The Olympics are now well and truly over; our news feeds have returned to normal and we’ve all stopped pretending that we understand anything about gymnastics. I didn’t actually watch the Olympics, tbh. I don’t know anyone who did. I mean, yeah, we occasionally streamed Simone Biles being a freak of nature and defying physics and I know a few people who watched Hussain Bolt race. But other than that? We probably wouldn’t have known the Olympics were even on if it weren’t for social media.
In fact, NBC (who broadcast the Olympics) found that Olympic viewership was down by 25% in the 18-49 year old age demographic this year. They blamed this downturn on millennials. So if millennials aren’t even bothering to watch, is there any point in advertising at the Olympics at all?
Well, first thing: one does not simply advertise at the Olympics. Companies wishing to do so must become an ‘official sponsor’, paying around $100 million USD for the (dubious) privilege. Not to mention the cost of oh, I don’t know, actually coming up with the campaign, creating the content, cross-promotional marketing, social media… Basically, advertising at the Olympics is only for the really big players. This year’s sponsors were Coke, P&G, Samsung, Panasonic, GE, Bridgestone, McDonald’s and Visa.
We don’t believe they received a whole heap out of it either. With the ‘Rise of the Mobile Streaming’ and the commensurate ‘Fall of Television’, fewer and fewer people are watching the games on a platform that allows for ad breaks between events. So companies who forked out big for thirty seconds of TV time after the 100m freestyle are probably not reaping the expected rewards. Savvy brands knew that this would be the case and got around it by branding objects physically present at the games. If you wanted to watch them, you’d have to also watch the huge Coke and Samsung posters in the background.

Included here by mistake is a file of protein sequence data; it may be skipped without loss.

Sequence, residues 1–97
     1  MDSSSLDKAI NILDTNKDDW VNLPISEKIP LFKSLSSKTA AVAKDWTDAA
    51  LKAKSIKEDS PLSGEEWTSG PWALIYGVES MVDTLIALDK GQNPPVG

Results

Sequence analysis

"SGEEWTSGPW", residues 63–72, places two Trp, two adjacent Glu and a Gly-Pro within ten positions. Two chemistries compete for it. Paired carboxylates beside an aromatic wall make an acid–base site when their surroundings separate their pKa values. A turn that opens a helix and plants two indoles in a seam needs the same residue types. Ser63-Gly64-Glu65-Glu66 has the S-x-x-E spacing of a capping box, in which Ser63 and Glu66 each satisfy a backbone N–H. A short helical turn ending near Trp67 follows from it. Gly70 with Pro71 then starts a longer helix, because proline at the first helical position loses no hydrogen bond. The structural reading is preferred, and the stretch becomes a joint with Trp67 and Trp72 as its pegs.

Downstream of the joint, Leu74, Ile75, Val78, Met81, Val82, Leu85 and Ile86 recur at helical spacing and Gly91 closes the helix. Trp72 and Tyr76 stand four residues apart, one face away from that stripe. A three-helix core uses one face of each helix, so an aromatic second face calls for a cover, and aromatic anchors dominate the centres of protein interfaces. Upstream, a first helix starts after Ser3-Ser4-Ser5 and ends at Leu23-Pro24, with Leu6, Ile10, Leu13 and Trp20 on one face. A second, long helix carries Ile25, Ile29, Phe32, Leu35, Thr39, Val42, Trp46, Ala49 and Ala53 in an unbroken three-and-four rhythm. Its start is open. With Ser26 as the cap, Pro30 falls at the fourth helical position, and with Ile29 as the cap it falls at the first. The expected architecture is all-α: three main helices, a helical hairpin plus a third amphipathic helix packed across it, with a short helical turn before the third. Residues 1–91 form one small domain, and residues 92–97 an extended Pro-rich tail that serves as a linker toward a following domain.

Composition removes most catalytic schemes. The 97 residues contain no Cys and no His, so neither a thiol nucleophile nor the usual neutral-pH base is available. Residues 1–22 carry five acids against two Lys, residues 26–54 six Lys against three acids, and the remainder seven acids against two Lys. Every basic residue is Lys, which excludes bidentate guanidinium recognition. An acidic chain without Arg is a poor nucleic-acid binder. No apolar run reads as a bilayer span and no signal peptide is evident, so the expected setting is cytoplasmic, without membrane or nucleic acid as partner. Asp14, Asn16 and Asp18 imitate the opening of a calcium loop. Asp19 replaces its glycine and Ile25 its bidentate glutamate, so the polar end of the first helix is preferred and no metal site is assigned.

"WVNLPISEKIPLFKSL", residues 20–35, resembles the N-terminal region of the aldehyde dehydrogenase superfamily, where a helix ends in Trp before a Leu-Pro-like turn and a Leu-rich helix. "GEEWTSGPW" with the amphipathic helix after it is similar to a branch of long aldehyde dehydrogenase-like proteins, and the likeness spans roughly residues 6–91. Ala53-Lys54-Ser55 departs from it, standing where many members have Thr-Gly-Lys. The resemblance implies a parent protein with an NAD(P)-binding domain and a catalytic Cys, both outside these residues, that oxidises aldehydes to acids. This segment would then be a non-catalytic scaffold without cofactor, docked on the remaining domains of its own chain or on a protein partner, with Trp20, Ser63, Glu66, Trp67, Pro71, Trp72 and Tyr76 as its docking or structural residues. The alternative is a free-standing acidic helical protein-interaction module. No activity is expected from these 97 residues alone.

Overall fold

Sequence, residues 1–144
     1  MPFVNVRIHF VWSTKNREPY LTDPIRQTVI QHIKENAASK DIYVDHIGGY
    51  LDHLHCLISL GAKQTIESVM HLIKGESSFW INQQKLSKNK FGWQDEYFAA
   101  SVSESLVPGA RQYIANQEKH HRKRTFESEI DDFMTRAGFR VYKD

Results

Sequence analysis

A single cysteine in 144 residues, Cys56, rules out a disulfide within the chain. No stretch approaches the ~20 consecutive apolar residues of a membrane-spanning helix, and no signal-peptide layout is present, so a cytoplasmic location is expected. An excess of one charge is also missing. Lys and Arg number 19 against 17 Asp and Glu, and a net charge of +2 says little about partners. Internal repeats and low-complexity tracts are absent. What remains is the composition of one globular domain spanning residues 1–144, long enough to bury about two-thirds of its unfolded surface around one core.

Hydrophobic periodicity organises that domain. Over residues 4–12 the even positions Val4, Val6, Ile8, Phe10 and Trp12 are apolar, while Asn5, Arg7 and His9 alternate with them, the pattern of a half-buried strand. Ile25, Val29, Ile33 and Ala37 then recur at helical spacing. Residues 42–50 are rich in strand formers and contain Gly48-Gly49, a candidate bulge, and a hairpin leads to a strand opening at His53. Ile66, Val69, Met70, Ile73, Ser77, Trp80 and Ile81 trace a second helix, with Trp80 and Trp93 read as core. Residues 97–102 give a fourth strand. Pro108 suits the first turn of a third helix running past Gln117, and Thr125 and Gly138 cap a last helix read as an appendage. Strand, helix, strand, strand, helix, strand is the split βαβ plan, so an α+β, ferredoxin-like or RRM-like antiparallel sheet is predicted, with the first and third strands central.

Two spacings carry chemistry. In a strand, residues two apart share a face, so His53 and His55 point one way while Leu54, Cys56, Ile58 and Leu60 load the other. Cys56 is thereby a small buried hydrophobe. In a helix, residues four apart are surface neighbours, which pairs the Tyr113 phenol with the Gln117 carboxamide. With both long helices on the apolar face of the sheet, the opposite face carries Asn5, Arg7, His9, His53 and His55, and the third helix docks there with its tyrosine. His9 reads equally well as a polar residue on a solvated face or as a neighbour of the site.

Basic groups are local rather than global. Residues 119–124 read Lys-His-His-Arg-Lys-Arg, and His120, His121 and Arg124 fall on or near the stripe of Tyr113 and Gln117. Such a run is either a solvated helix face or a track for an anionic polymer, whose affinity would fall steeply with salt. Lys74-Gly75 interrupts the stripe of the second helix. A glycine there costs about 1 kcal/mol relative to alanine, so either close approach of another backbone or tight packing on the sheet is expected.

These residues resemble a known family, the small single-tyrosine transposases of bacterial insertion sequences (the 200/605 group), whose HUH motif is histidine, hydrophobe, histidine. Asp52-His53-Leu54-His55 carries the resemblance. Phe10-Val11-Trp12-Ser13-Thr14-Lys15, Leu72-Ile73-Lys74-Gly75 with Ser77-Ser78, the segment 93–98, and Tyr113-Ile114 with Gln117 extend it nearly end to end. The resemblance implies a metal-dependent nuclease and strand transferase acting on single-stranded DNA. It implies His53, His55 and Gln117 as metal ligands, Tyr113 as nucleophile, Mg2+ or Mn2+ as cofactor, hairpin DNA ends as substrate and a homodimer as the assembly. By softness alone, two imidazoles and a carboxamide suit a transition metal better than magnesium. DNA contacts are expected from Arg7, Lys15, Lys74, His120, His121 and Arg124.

In reality, these brands are so big they hardly need the Olympics. For them, the Olympics aren’t about sales figures. They’re about brand equity. These companies want to build their brand and enhance their image, and they’re happy to ride on the Olympics’ very expensive coattails to do so.
However, there’s not enough coattail for everyone, so some brands get around the exorbitant official Olympic sponsor price tag by sponsoring athletes instead. If you’re Special K endorsing Simone Biles or Under Armour covering Michael Phelps, then this is a pretty great work-around.
But what if you’re Coke, sponsoring Michelle Jenneke who barely saw any screen time these Olympics? Coke was planning on running their logo on screen while Jenneke performed her famous pre-race dance but unfortunately that just didn’t happen and Coke had to say goodbye to a million whole dollars for nothing.
It could be worse – you could be Speedo or Ralph Lauren who placed their faith in Ryan Lochte and were robbed of their expected rewards (see what I did there?), and had to launch into the world’s fastest damage control maneuvers just to save face.
So really, is all this money, time, risk, and stress even worth it? Especially when the advertising doesn’t even lead to actual sales? And more importantly, when people aren’t even seeing the ads?
Our answer? Not unless you run out of other ways to spend your marketing budget.